It has often been observed that one of the most essential aides to the success of the Roman Empire was the Coliseum; for it was the circus that provided the cheap entertainments to distract the attention of the mass of citizens away from the grotesque excesses of their leaders. So too today. In order to ensure that the part of our lives not taken up with trying to survive is not taken up with examining how we are ruled, we are supplied with countless forms of ‘leisure activities’. Whilst it cannot be denied that many of these activities are indeed hugely beneficial, it also cannot be denied that a far greater number are hugely destructive — for they comprise the saddest part of the red cape: that part of the distraction which we choose for ourselves.

For although we can rightly criticise others for the way we are educated and informed about the wider world, we have no-one else to question about how we choose to spend our leisure time.

Watching television probably occupies more leisure time for most first world people than any other single activity. Yet even though there are a multitude of channels to choose from, as numerous as the number of pastimes themselves, none deviate from their main purpose: waving the red cape in front of us, diverting our attention away from our real tormentor and mortal enemy.

Is it any wonder, with so many powerful influences deliberately intended to misinform and distract us, that we, the powerful beast that is ‘the general public’ continually fail, generation after generation, to realise who our most deadly enemy really is? Exactly as fighting bulls are never given the chance to learn how the game works and are thus never capable of winning it (apart from the occasional accidental victory — too rare an event to cause any concern) so too are the general public carefully shielded from anything that might teach them the real rules of the game, and thus how to defeat their most mortal enemy.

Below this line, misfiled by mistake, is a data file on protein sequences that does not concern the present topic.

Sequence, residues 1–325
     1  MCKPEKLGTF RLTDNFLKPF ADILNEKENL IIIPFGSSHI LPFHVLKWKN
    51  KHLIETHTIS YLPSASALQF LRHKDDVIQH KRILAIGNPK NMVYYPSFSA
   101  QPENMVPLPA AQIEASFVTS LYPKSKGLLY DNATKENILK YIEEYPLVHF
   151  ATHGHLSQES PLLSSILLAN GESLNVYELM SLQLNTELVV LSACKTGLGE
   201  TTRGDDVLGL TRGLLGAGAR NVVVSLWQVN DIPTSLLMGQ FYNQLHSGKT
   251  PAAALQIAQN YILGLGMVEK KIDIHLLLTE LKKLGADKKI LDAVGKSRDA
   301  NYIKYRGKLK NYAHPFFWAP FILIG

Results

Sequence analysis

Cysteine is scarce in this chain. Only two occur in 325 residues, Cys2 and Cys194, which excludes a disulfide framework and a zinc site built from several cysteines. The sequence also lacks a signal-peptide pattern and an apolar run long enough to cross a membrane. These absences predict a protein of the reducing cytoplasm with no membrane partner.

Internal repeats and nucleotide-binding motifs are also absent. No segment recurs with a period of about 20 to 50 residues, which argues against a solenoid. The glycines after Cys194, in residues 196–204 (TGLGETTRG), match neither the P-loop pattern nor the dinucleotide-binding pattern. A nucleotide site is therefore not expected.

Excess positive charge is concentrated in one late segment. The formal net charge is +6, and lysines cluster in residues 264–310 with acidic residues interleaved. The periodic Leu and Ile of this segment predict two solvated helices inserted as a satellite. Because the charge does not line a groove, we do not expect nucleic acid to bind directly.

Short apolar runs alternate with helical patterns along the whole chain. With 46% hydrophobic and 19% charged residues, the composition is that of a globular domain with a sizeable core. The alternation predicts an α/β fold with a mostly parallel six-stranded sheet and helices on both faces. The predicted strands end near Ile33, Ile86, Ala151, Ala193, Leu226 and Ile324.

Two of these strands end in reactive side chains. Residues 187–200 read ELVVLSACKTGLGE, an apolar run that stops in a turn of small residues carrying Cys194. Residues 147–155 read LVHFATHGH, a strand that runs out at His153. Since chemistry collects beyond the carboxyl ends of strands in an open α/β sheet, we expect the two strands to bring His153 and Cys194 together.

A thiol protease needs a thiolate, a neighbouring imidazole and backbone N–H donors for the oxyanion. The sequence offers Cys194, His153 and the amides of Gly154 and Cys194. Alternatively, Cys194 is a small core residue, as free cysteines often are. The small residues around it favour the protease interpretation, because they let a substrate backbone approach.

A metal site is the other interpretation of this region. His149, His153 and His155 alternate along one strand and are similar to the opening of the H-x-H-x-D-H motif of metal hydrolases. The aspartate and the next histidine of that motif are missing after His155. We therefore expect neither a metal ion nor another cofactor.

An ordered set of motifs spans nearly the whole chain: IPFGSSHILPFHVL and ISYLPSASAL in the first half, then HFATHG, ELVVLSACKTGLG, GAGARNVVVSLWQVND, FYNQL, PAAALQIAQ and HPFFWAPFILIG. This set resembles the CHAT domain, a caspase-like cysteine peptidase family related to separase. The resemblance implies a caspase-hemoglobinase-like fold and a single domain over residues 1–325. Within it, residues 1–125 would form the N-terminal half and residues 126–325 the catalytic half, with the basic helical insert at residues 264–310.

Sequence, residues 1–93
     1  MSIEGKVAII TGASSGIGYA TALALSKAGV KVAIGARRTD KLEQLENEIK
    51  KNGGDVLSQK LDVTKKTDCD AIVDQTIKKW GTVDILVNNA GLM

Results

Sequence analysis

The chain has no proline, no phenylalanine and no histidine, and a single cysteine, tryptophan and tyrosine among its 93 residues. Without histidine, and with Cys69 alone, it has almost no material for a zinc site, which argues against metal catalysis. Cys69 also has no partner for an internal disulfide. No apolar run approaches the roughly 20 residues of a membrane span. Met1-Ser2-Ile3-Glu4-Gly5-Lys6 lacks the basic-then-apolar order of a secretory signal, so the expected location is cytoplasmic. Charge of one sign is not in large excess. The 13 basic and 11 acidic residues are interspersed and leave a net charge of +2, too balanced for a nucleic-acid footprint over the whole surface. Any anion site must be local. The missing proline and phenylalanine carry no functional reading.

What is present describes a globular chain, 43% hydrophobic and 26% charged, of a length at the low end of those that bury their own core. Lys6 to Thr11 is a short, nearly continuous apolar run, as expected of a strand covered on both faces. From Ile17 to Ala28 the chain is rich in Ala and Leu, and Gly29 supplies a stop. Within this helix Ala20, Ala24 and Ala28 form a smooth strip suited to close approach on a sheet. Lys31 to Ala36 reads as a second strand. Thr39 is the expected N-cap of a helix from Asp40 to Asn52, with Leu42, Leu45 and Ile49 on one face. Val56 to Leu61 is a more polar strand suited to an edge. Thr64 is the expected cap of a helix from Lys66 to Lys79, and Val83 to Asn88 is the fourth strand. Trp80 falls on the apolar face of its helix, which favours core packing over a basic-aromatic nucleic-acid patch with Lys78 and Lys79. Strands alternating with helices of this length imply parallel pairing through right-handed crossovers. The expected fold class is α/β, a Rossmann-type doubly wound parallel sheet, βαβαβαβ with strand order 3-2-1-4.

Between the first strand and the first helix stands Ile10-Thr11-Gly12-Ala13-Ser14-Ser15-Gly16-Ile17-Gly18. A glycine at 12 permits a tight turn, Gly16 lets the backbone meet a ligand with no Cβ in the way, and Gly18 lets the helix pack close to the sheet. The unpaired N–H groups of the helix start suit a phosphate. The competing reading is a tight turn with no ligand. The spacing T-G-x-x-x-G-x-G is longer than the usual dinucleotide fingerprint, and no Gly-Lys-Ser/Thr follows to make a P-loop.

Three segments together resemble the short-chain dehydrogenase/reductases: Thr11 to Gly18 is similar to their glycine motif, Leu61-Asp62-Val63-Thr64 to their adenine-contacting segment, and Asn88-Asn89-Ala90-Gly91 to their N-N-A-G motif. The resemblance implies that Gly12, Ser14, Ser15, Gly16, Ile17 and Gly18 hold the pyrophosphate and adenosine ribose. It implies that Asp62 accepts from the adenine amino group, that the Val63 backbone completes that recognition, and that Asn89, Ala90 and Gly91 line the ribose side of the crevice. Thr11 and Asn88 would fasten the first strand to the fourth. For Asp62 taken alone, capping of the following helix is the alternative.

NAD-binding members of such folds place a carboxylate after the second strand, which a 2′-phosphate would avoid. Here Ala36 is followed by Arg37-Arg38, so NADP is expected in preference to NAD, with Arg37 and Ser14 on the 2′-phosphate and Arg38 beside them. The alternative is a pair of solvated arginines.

John Andrews is a writer and political activist based in England. His latest booklet is entitled EnMo Economics. Other Non-Fiction books by John are: The People's Constitution (2018 Edition); and The School of Kindness (2018 Edition); and his historical novel The Road to Emily Bay Read other articles by John.

4 comments on this article so far ...

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  1. Tennessee-Bolivarian-Marxist said on June 12th, 2009 at 7:44pm #

    it is sad that this nation which was an economic powerful nation, has been destroyed by the corrupted plutocratic Democrat and Republican Parties, along with the different corporate lobbies, with the zionist lobby, and with the capitalist philosophy that has been the main culprit, the great ideology in the essense of America. The Free Market egocentric, selfish ideology of Ayn Rand, Adam Smith, John Locke, John Stuart Mill and other bourgeoise thinkers and egoists.

    We must burry that ideology as failed and wrong and give way toward Leninist, Marxist, Christian, humanist and socialist, collective ideology and doctrine.

    USA was a very developed nation producing a lot of wealth, and statibility for most US citizens compared other poorer countries and to third world nations with more corrupt governments.

    USA has never been a socialist nation, however the capitalist-welfare american system provided stability for most americans thru the a “trickle down capitalist welfare system”.

    Unfortunately, thanks to the mafia-cartels of both capitalist parties (Democrats and Republicans)this ‘trickle down welfare capitalist system’ which has provided stability for most of americans is coming to an end ending !!



    Sooner or later this ‘tricke down welfare capitalist system’ will not provide bread for all, and will morph a plutocratic corporate capitalist system that can only provide stability, food and wealth for the upper bourgeoise classes of America.

    when that time comes we will see a revolutionary situation, when the proletariat take the bull by its horns and overthrows the corporate corrupted capitalist system for complete emancipation of the workign classes of this country


    # 1 – When it is impossible for the rich people of this country (like Bill Gates, Jennifer Lopez, Tom Cruise, Donald Trump, Al Gore, Ross Perot, Dick Cheney, etc.) to maintain their wealth without any change; when there is an economic crisis, in one form or another, among the rich people, a crisis in the policy of the rich ruling class, leading to a fissure through which the discontent and indignation of middle and lower classes of America burst forth. For a socialist-revolution to take place, it is usually insufficient for the middle and lower classes not to want to live in their old comfortable and stable way; it is also necessary that the rich upper millionaire class should be unable to live in their old comfortable way.

    # 2 – When the suffering and the needs of the middle and lower working classes of this country have grown more acute than usual